ANN ARBOR, Mich. (January 25, 2022) — Satisfaction with U.S. federal government services has never been worse.
Citizen satisfaction declines sharply in 2021, sliding 2.6% to a score of 63.4 (out of 100), according to the American Customer Satisfaction Index’s (ACSI®) Federal Government Report 2021.
“This is the fourth consecutive year that satisfaction with the federal government takes a hit, marking an unprecedented run of negative movement in the index,” says Forrest Morgeson, Assistant Professor of Marketing at Michigan State University and Director of Research at the ACSI. “Citizens’ perceptions of federal government services have been greatly impacted by the ongoing COVID-19 pandemic and the fallout from the contentious 2020 federal elections. The results speak volumes, with citizen satisfaction descending to an all-time low. The federal government has its work cut out for it if it hopes to turn things around.”
No federal government quality attribute goes unscathed
All four primary drivers of citizen satisfaction – process, information, customer service, and website – flounder.
Efficiency and ease of government processes tumbles 5% to 63, while ease of accessing and clarity of information slides 3% to 67. Likewise, the courtesy and professionalism of customer service slips 1% to 73, and government website quality dips 1% to 70.
Collectively, these declines signify a broad erosion of the quality of federal government services experienced by citizens in 2021.
Department of the Interior sets the standard, while Treasury remains the bottom of the barrel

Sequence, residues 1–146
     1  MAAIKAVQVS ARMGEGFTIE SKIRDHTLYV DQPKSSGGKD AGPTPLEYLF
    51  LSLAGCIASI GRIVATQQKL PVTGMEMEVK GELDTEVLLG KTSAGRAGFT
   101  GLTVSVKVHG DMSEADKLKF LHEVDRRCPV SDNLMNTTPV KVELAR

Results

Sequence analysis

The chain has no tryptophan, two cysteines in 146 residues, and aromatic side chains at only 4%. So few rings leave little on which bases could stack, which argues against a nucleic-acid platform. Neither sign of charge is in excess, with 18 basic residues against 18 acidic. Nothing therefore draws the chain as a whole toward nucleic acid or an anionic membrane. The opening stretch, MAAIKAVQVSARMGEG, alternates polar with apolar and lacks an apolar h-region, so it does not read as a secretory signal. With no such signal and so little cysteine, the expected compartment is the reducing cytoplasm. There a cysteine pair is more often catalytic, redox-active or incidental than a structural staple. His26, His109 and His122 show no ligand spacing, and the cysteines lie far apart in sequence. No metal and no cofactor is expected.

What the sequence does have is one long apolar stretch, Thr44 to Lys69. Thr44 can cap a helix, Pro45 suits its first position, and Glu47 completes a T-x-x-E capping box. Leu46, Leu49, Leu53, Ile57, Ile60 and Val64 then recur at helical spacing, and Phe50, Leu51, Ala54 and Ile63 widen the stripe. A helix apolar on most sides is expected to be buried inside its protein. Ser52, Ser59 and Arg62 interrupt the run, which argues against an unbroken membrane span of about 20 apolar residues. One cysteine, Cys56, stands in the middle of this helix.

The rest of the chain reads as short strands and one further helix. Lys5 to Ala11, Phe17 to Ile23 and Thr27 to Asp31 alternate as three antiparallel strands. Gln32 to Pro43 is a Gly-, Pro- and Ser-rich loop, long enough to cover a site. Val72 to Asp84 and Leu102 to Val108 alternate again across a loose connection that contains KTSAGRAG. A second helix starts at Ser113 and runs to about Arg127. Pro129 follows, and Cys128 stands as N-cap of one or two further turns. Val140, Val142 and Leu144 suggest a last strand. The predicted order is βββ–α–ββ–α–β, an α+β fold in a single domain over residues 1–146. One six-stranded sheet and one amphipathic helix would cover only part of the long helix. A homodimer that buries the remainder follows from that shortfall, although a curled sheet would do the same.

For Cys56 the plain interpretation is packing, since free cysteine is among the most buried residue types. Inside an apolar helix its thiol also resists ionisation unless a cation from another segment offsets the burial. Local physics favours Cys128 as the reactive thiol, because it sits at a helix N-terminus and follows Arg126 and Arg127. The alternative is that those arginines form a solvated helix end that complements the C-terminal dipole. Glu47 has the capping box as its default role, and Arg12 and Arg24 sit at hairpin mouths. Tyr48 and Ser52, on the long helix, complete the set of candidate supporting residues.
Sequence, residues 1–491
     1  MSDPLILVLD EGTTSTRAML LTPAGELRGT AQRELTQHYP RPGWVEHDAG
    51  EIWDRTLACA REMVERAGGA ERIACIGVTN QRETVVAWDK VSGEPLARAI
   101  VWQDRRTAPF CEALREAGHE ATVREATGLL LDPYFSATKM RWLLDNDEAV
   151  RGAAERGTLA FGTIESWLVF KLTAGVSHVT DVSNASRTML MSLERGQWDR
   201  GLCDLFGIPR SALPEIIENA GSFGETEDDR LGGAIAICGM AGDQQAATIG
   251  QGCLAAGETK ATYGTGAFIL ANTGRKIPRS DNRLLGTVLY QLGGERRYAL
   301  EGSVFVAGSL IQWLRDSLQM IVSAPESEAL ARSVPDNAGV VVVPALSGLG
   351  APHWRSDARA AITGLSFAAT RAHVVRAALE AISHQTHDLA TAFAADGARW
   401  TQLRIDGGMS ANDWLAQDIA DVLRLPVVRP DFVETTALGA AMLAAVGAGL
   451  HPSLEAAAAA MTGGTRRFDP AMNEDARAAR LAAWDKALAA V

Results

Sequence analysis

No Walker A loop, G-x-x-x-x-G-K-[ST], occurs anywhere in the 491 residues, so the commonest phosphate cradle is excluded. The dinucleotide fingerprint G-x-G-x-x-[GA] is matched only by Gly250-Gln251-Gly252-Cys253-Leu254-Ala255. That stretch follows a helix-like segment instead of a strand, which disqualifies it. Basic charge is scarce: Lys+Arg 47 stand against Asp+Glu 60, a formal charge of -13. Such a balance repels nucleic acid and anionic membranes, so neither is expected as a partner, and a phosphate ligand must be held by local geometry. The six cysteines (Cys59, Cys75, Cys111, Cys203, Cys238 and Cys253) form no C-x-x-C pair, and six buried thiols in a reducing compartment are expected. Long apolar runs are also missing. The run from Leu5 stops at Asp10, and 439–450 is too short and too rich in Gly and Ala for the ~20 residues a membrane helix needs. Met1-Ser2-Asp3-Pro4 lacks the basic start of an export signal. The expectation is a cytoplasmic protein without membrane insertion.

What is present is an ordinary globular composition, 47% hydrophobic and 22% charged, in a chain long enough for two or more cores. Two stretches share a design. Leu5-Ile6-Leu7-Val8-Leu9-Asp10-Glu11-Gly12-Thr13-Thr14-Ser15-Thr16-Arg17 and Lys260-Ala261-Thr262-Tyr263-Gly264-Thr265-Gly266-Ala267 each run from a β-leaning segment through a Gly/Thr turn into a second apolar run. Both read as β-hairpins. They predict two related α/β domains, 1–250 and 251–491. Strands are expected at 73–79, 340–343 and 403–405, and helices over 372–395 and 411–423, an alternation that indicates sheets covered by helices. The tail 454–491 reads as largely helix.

Citizen satisfaction differs widely across federal departments, with the significant variance between departments largely explained by the nature of their missions.
This year, the Department of the Interior leads the way in citizen satisfaction with a score of 77. It is the only federal department that exceeds the economy-wide national ACSI average (73.7 as of the third quarter of 2021).
Four other federal departments – including the Department of Health and Human Services (71), the Department of Agriculture (70), the Department of Commerce (70), and the Department of Defense (70) – score in the 70s but fall short of the economy-wide ACSI average.
The remainder all score well below this mark, with perennial laggard the Department of the Treasury (54) – which primarily interacts with citizens through its inherently unpopular tax collection mission – sitting dead last
Democrats and Republicans suffer satisfaction downturns
The ACSI federal government study does not measure public approval of specific politicians or political parties. Nonetheless, factors like political party affiliation are likely to influence citizens’ perceptions of the government services they receive, per ACSI data.
Looking at year-over-year trends by party affiliation, both Democrats (down 4% to 65) and Republicans (down 2% to 64) see declines in citizen satisfaction in 2021. The relatively small group of “Other Party” supporters also experiences much lower satisfaction, plummeting 13% to an ACSI score of 54.
Only Independents who indicate no political party affiliation show a small increase in 2021, up 2% to 63.
Nevertheless, the broad decline in citizen satisfaction across all respondents who indicate a political affiliation – including Democrats, Republicans, and Other Party supporters – reinforces the existence of a widespread erosion in the perceived quality of government output across citizens.
The ACSI Federal Government Report 2021 is based on interviews with 2,387 users, chosen at random and contacted via email throughout the year. Download the full report, and follow the ACSI on LinkedIn and Twitter at @theACSI.